Should your therapist be Black for you to fully get the benefit of the experience?
Following the global pandemic, mental health is more apparent and spoken about now than ever before. But in the Black community there is still a stigma around conversations on mental health and seeking help. For years, therapy has been associated with white privilege and is often perceived as a luxury for those who can afford the money and time to commit to the process. Thankfully, nowadays, more and more people are turning to therapy to help them recover from childhood traumas, heal from broken relationships and develop the confidence to become their truest, most confident self.
However, due to the common view that therapy is a white-dominated space, it is no wonder that other Black and ethnic groups may feel nervous about opening up to someone who they feel will not understand them or their point of view.
Last month, during a powerful interview on Pass The Mic, hosted by Julie Adenuga, Candice Brathwaite stated unequivocally that she would never consider using a therapist who wasn’t Black. She stated: “Yes, as a Black person, your therapist has to be Black […] Because there are moments in therapy when I don’t have to say anything. I can just throw up a look and say, ‘you get me?’, and she does get me…”
To explore this viewpoint in more detail, we spoke to Cydelle Stewart – a Black-British online business expert – who, based on her own personal experience says she would only ever use a Black therapist. Intrigued we caught up with Cydelle to explore her reasons for why she held this view. Read on…
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Hi Cydelle. So, tell us about where your therapy journey began?
My mum died a few years ago and I found myself struggling, I knew I needed help, but I was avoiding it at the same time. I was looking for escapism, so I decided to move abroad and work remotely to help uplift my mood by going somewhere sunny. I booked a ticket to Barbados and stayed there for six months, which really helped. But when I got back, I started to struggle again so I decided to sign up for therapy.
What was your experience with therapy like?
After seeing a white therapist, I realised that although she was a nice person, she didn’t quite understand the nuances of being Black, our culture or the shame that we deal with [regarding mental health] so it took me a little longer to explain these things before we got to the real root of my problems. The reality is when you only have a 30-minute session booked, you just don’t have the time to unpack and explain what is going on to someone who you can’t relate to.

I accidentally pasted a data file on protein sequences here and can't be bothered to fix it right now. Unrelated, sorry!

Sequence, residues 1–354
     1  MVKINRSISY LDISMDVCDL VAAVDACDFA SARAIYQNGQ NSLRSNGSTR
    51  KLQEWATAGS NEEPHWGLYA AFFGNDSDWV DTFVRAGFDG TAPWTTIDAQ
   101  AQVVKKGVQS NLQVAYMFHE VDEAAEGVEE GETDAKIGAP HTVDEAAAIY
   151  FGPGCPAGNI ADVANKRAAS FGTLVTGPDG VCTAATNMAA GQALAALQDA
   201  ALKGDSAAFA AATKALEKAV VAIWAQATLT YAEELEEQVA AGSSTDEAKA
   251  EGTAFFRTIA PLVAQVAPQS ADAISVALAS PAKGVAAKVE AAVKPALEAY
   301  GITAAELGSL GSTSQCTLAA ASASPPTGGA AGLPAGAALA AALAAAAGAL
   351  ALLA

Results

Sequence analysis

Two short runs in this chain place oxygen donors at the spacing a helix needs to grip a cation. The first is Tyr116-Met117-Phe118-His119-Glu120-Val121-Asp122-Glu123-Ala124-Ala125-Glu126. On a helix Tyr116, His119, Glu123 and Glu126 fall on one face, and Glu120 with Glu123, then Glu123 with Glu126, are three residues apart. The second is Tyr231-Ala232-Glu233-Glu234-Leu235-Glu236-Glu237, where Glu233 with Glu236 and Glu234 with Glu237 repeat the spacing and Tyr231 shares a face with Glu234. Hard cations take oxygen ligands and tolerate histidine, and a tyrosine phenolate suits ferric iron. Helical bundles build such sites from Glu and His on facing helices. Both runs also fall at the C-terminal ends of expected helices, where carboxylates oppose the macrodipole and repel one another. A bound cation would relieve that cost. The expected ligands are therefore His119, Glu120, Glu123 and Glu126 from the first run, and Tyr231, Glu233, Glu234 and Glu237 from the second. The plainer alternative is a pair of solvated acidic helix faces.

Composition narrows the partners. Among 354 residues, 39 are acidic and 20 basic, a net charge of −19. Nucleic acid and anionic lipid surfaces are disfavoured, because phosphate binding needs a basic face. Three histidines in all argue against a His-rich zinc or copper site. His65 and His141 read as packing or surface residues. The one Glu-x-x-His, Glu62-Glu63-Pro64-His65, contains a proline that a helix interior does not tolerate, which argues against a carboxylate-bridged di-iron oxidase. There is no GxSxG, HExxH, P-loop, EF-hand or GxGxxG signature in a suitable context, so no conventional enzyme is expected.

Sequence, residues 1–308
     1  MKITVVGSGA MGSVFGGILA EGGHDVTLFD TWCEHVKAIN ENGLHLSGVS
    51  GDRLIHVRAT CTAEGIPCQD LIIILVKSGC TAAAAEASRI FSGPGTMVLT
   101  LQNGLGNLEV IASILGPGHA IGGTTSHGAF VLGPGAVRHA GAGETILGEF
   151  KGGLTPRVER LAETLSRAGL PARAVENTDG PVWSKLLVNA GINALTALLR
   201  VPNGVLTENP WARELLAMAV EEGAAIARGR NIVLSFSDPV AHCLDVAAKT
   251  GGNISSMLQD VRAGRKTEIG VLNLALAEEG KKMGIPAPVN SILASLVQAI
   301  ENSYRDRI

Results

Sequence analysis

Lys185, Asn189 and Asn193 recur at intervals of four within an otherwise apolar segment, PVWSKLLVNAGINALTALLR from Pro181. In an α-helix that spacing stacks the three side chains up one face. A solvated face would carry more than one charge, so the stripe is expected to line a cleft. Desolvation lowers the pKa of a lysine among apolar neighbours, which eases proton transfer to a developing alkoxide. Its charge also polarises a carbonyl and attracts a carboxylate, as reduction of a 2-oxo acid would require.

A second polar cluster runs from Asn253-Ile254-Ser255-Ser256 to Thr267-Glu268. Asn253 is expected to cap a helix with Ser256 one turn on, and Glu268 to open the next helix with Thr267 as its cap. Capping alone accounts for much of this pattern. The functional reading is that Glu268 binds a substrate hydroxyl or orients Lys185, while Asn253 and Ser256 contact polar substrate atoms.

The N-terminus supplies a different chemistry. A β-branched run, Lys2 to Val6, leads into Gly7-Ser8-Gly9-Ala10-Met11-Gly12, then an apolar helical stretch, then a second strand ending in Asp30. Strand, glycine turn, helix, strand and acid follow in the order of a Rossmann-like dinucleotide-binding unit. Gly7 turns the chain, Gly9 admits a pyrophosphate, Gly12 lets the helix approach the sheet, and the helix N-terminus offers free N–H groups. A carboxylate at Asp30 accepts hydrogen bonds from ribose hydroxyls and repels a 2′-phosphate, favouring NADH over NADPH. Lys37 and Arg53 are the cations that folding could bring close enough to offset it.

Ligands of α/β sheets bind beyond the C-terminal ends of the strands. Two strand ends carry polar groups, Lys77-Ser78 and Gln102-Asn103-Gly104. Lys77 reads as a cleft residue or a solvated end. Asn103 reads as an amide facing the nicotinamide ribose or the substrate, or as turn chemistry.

How did you manage to find a Black therapist and what was that experience like?
After a quick Google search, I came across the Black, African and Asian Therapy Network online which caught my attention. I registered for a session and was allocated a Black therapist around the same age as me who I instantly clicked with. It was so easy to open up and discuss some of the things that I was dealing with. After regular sessions for a lengthy period of time, my therapy came to a natural close – I did start to feel more like I was speaking with a friend, so I knew it was then time to move on. I also felt like as someone who is self-employed, it started to feel like a luxury paying for this service on an ongoing basis. I then got a call back from NHS Talking Therapies who referred me to a white CBT therapist, but it was like starting for scratch and it felt like a lot of work.
Why do you think many people in the Black community have a negative outlook on therapy or seeking help?
I think it’s the perpetual consequences of generational shame that’s within the family and being taught not to speak up because it’s shameful. In Black families you put up and shut up – you are expected to be strong. The idea of the strong Black woman is also another reason why people don’t go to therapy – it’s almost like people think that we don’t need it. We are taught to not talk about our problems and to not trust anyone outside of the family, I believe that because our parents didn’t go to therapy, we are now dealing with their trauma as a result.
What advice would you give to someone who is struggling with mental health and needs help?
Contact Black, African and Asian Therapy Network and request a taster session with a therapist. Therapy sounds like a big scary thing but actually you are just speaking and offloading and it’s such an immense feeling when you have the first session. Give yourself the blessing of a release and stop punishing yourself.